Health and labour advocates have called on provinces to implement paid sick leave — something that could be particularly helpful for the people working low-income but essential jobs who seem to be suffering disproprotionately from COVID-19. But the provinces haven’t moved.
It’s easy to imagine why they might be reluctant.
Business owners struggling with the impact of the pandemic would balk at having to pay for new sick leave. Provincial governments might dread introducing a temporary program that would be politically difficult to repeal later. And the new federal program might provide a handy excuse for not doing more.
In politics, that might seem like a reasonable compromise. But once this ordeal is over, we might look back and conclude that the moment demanded more than what we thought would suffice.
Imaginations, creativity of Mountview students on display at Cariboo Art Beat
Creative, imaginative artwork of students from Mountview Elementary School will be on public display at the gallery of Cariboo Art Beat until April 9.
“The students of Mountview elementary were all invited to participate in an art contest,” Tiffany Jorgensen said, an artist at Cariboo Art Beat.
Each class was separately judged by three professional artists at Cariboo Art Beat, Jorgensen said, based on the students’ creativity, techniques, use of space and originality.
“It was extremely difficult to select pieces from the abundance of beautiful art presented,” she said. “There is so much talent and fantastic imaginations.”
The artist of each selected piece was given formal invitations to their art show to distribute to whomever they choose, and Jorgensen said anyone is free to view the beautiful artwork throughout until April 9.
Honoured at the show were works from local artists Ryker Hagen, Annika Nilsson, Rylie Trampleasure, Angus Shoults, Izabella Telford, Isabella Buchner, Kai Pare and more.
“Come view their wonderful pieces to get a glimpse into the minds of our creative youth,” Jorgensen said.
“It’s been so fun. The kids have come in and seen their work on display with their grandparents, parents, and they’re all so excited.”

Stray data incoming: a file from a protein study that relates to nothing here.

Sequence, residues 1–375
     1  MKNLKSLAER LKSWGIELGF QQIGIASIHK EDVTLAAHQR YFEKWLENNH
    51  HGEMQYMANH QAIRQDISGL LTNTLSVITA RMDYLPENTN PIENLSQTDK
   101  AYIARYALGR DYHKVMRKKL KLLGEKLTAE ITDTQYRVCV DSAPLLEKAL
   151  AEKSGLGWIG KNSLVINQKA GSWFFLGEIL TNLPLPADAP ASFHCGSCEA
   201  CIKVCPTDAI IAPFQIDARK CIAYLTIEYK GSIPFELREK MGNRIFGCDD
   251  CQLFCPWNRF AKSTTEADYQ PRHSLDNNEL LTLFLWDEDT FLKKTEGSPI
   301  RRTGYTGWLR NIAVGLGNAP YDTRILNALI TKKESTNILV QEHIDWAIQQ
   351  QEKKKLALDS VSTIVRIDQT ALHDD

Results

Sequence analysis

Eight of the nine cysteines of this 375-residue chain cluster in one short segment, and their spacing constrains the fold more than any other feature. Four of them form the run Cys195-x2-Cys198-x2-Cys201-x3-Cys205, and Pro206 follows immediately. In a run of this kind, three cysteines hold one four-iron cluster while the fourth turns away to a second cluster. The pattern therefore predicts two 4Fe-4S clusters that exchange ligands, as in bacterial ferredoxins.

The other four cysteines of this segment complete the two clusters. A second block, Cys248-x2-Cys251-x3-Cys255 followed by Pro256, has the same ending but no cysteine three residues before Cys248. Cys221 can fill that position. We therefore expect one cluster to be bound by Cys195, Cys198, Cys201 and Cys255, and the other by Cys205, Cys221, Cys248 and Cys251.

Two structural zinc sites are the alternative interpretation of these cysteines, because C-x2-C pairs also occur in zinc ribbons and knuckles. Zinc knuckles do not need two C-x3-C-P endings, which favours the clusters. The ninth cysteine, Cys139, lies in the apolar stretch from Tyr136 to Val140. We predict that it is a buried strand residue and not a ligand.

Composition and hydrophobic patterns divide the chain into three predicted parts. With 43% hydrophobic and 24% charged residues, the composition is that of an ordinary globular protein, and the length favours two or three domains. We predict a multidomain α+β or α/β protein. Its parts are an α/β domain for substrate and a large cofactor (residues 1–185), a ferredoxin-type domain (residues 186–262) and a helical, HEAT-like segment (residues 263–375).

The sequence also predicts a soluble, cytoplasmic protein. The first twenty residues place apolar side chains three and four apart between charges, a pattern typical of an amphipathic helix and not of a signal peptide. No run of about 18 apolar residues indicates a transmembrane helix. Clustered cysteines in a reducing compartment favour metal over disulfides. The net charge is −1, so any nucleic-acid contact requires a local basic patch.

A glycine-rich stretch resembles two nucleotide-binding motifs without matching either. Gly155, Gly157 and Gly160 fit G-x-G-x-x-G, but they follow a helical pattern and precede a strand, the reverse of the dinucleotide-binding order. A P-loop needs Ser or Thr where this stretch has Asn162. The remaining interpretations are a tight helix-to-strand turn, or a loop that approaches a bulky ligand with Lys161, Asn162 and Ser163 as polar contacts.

Following up on the success of the Mountview art show, Jorgensen said more elementary schools have been invited to participate.
April will feature the works of Nesika and Big Lake, followed by Marie Sharpe and Chilcotin Road next month.
Cariboo Art Beat is located at 19 First Ave., under Caribou Ski Source for Sports’ entrance on Oliver Street.
Source:– Williams Lake Tribune – Williams Lake Tribune
Launching the conversation on Newfoundland and Labrador art history
ST. JOHN’S, N.L. —
“Future Possible: An Art History of Newfoundland and Labrador” is a book that has been a long time coming, Mireille Eagan says.
While working at the Confederation Centre Art Gallery in Prince Edward Island, Eagan curated an exhibition marking the 60th anniversary of Newfoundland and Labrador joining Confederation with Canada.
“As I was researching, I noticed that there was very little that existed in terms of the art history of this province,” she said. “There wasn’t even a Wikipedia article.”
Noticing this large gap, “Future Possible” was a book that needed to exist, she said.
As the 70th anniversary approached in 2019, Eagan, now living in St. John’s and working as curator of contemporary art at The Rooms, envisioned filling that gap.
Over two summers, The Rooms held a two-part exhibition. The first looked at the visual culture and visual narratives before the province joined Confederation and the second focused on 1949 onward, Eagan said.
“At its core, it was asking, what are the stories we tell ourselves as a province? It was looking at iconic artworks, it was looking at texts that have been written about this place, and it put these works in conversation with contemporary artworks,” Eagan said.
In the foreword to the book, chief executive officer of The Rooms Anne Chafe described it as a complement to the exhibition and a project that “does not seek to be the final say. It seeks, instead, to launch the conversation.”
History and identity
One example of that conversation between the past and the present mentioned by Eagan is the work of artist Bushra Junaid, who moved to St. John’s from Montreal as a baby. The daughter of a Jamaican mother and Nigerian father, Junaid said her experience growing up in the province in the 1970s, where she always the only Black child in the room, was not like most.
“All of my formative years, my schooling and everything, took place in St. John’s,” she said. “It’s very much shaped my current preoccupation.”
Her interest in history, identity and representation led her to making “Two Pretty Girls…,” which used an archival photograph of Caribbean sugarcane workers from 1903 with text from advertisements for sugar, molasses and rum from archived copies of The Evening Telegram collaged over the women’s clothing.
In her essay “Of Saltfish and Molasses” published in “Future Possible,” she described the work as “(allowing) me to place these women and their labour within the broader historical context of the international trade in commodities that underpinned Caribbean slavery and its afterlife.”